U.Va. Student Business, Husk Power, Among Top 10 'Social Enterprises of the Year'

November 26, 2008

November 26, 2008 — University of Virginia graduate business students Chip Ransler and Manoj Sinha's start-up business, Husk Power Systems, has been named one of 10 "Social Enterprises of the Year" by Fast Company magazine for "the kind of innovative thinking that can transform lives and change our world."

Husk Power supplies electricity to rural villages in India with miniature power plants that make bio-gas from the discarded rice husks that accumulate in huge piles near every community rice mill. The low-emission process can earn carbon-offset revenue, and byproduct ash can be sold as a valuable ingredient for low-cost cement, making pilot plants profitable in less than six months.

Less than two years after Ransler and Sinha started the company, five such plants are supplying electricity to about 10,000 people in India's Rice Belt, a "rice rich and power poor" region where 350 million people have no reliable source of electricity. With help from a major Shell Foundation grant and nearly $100,000 in prize money from three national business plan competitions, the students at U.Va.'s Darden School of Business are on track to add 100 more power plants in the next 18 months, with plans to reach more than 3 million Indians in the next four to five years.

Other Fast Company honorees include President-elect Obama's favorite teacher-training academy, a venture that matches late-career professionals with not-for-profits that need managerial expertise; a "bank of banks" exclusively serving microfinance institutions; and a nonprofit drugmaker targeting the health problems of the world's poor. The winning enterprises all exhibit "bold and timely ideas that wow us," explains the Fast Company article.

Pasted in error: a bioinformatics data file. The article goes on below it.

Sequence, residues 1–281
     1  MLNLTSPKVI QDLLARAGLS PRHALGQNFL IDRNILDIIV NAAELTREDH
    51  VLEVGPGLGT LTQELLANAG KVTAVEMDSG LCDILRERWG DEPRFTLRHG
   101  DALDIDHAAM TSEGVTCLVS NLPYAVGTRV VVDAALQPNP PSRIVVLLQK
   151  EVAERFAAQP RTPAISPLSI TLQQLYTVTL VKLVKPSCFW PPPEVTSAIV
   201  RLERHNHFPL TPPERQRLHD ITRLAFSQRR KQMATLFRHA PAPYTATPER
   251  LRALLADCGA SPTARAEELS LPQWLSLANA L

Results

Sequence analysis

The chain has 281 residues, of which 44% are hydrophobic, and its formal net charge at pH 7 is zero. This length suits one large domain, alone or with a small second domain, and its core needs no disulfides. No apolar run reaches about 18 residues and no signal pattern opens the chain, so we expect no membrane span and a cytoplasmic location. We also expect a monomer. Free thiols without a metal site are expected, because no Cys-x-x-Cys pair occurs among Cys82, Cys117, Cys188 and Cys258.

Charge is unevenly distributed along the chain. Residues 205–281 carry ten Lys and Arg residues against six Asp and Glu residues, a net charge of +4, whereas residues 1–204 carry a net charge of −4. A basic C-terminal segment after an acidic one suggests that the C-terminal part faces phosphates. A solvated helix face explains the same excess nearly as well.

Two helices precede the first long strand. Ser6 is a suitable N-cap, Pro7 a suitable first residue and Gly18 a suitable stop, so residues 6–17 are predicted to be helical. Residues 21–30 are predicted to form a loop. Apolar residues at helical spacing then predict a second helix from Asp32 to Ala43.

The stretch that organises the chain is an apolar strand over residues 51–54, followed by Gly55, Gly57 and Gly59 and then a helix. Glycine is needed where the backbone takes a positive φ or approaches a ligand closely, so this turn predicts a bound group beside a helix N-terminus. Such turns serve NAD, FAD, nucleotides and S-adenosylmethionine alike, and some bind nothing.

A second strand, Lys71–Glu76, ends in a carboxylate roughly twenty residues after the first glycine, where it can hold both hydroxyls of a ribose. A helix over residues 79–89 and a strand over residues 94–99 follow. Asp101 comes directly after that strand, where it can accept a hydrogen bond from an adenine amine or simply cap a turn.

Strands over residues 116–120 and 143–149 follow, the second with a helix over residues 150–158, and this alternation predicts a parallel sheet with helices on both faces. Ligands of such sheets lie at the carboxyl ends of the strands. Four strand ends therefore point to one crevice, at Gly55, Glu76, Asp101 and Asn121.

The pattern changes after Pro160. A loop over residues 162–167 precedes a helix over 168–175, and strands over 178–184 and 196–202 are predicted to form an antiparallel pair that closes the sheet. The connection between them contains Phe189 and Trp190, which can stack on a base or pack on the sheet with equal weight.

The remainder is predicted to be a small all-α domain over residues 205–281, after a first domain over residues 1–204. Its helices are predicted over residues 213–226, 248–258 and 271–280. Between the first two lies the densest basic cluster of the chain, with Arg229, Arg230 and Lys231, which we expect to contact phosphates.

"Husk Power Systems is truly honored to receive this award next to organizations such as the Acumen Fund, which has already impacted millions of lives via its 'social capital' model," Sinha said. "By treating the rural poor as customers, not victims, we provide an infrastructure that enables them to build whatever they dream up."

The Fast Company plaudits are the latest in a string of honors for Ransler and Sinha's enterprise. In September they were named "Pop!Tech Fellows," joining a worldwide group of social entrepreneurs that focus on "big bet" projects.

— By Brevy Cannon